Submitted to: Virology
Publication Type: Peer reviewed journal
Publication Acceptance Date: 9/20/2009
Publication Date: 12/20/2009
Citation: Drechsler, Y., Bohls, R.L., Smith, R., Silvy, N., Lillehoj, H.S., Collisson, E. 2009. An avian, oncogenic retrovirus replicates in vivo in more than 50% of CD4+ and CD8+ T lymphocytes from an endangered grouse. Virology. (83)380-386. Interpretive Summary: Reticuloendotheliosis virus (REV), an avian oncogenic retrovirus REV are a group of viruses in the family Retroviridae, infect praire chickens in the captive breeding flock and this virus has been associated with acute cell neoplasia, runting disease, and chronic cell neoplasia of lymphoid and other tissues. A major obstacle to breeding the Attwater's prairie chicken (APC) has been the recurring emergence of REV. REV has been suggested to be immunosuppressive. Currently, nothing is known of the cellular immune system or the pathogenesis of REV in prairie chickens, including the role of cellular immunity in controlling viral infection. Critical to the avian immune response to viral infection, chicken T lymphocytes have been shown to control antigen specific control of viral infection. Direct infection could functionally affect cells of the immune system and explain the immunosuppressive nature of REV. The alterations in phenotype of lymphocytes could be associated directly with infection or indirectly, as a result of immune stimulation of CD8+ T lymphocytes. In this study, Western University of Health Sciences collaborated with ARS scientists to find that a decrease in CD8+ cells was associated with wasting of REV-infected birds suggesting an association of decreased T-cell subset with immunosuppression. This finding is important to understand the immune suppression mechanism mediated by REV infection. This new knowledge will help in the designing strategy against REV infection in APC.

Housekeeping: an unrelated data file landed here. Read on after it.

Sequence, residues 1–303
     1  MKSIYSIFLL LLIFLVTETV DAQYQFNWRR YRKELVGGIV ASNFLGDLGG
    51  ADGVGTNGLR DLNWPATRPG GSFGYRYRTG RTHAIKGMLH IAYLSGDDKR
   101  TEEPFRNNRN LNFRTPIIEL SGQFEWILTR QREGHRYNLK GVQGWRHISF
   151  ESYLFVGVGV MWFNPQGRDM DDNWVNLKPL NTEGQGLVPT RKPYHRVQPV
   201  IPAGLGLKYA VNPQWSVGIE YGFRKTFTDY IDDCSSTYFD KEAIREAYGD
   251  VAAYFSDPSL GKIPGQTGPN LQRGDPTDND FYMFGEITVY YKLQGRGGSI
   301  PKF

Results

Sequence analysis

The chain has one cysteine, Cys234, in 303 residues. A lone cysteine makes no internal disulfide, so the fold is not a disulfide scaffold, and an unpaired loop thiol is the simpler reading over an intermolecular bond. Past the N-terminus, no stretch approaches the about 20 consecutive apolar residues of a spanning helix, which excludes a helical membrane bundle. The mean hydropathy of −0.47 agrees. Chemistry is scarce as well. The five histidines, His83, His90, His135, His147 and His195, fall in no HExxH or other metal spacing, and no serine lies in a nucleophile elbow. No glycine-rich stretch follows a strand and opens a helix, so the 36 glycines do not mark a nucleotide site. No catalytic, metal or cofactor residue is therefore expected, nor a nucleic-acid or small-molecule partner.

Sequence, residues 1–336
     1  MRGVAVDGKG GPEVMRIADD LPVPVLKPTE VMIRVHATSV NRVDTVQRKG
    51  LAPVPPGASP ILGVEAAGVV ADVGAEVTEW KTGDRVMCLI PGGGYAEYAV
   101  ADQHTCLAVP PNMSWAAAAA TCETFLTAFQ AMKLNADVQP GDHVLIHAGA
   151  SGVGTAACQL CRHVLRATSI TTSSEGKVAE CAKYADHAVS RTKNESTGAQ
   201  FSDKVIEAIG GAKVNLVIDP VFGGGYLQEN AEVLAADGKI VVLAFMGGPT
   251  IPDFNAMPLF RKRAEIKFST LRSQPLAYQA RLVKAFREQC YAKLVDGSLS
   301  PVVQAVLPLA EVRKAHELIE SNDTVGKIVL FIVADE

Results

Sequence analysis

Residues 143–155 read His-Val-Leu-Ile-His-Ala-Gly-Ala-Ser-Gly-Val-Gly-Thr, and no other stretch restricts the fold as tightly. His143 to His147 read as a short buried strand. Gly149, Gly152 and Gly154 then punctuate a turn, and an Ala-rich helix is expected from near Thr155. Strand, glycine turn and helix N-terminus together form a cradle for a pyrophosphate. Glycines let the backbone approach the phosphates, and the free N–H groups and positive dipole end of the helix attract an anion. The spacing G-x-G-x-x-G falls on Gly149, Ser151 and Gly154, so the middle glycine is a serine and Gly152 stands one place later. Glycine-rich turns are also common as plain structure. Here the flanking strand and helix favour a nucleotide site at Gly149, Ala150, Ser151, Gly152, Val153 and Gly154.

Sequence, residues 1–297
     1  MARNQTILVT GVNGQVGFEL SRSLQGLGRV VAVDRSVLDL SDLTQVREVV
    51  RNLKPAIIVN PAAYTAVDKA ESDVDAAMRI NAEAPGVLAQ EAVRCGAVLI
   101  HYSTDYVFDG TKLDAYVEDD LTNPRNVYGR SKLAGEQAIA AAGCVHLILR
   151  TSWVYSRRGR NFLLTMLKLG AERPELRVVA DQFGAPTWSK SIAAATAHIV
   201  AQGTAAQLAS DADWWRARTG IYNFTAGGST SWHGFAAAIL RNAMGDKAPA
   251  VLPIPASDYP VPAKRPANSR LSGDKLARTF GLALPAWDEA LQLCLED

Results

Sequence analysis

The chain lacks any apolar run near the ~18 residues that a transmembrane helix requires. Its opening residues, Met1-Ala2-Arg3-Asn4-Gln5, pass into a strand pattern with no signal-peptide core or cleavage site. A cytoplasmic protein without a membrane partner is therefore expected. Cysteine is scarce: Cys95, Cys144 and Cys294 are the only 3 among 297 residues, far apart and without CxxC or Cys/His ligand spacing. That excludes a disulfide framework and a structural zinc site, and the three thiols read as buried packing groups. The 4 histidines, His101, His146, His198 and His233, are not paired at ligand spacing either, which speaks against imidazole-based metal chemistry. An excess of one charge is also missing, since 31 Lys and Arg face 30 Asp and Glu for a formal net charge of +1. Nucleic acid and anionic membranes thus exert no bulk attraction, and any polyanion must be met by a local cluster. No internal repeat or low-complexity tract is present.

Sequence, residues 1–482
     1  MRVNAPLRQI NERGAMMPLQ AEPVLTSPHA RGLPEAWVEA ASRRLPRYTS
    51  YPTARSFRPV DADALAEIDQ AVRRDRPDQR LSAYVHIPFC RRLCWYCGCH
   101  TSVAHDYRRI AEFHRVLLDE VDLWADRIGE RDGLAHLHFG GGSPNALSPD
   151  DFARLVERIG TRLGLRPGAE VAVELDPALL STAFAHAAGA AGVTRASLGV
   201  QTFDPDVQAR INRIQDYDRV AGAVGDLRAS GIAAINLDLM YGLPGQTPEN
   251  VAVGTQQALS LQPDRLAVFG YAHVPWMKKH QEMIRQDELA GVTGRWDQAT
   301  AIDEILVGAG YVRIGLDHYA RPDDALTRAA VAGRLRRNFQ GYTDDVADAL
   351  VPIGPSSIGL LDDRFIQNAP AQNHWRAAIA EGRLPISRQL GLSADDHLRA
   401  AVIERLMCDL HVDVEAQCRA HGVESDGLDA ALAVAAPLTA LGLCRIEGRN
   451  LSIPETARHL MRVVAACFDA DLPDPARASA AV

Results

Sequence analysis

Technical Abstract: Reoccurring infection of reticuloendotheliosis virus (REV), an avian oncogenic retrovirus, has been a major obstacle in attempts to breed and release an endangered grouse, the Attwater's prairie chicken (Tympanicus cupido attwateri). REV infection of these birds in breeding facilities was found to result in significant decreases in the CD4+ and increases in the CD8+ lymphocyte populations, although experimental infection of birds resulted in only increases in the CD8+ lymphocytes. Because our indirect immunofluorescent assay readily detected infection of both CD4+ and CD8+ lymphocytes, a triple labeling flow cytometric procedure was developed to quantify the individual lymphocytes infected in vivo with REV. Lymphocytes were gated with a biotinylated pan-leukocyte marker bound to streptavidin R-PE-Cy5. Chicken CD4 or CD8 specific mouse MAb directly labeled with R-PE identified the phenotype and with permeabilizing of cells, infection was indirectly labeled with rabbit IgG specific for the REV gag polypeptide and FITC conjugated goat anti-rabbit antibody. More than 50% of the total lymphocytes and of the total CD4+ or CD8+ lymphocytes supported in vivo viral expression in all infected birds examined. Remarkably, this level of infection was detected in the absence of visible clinical signs of illness.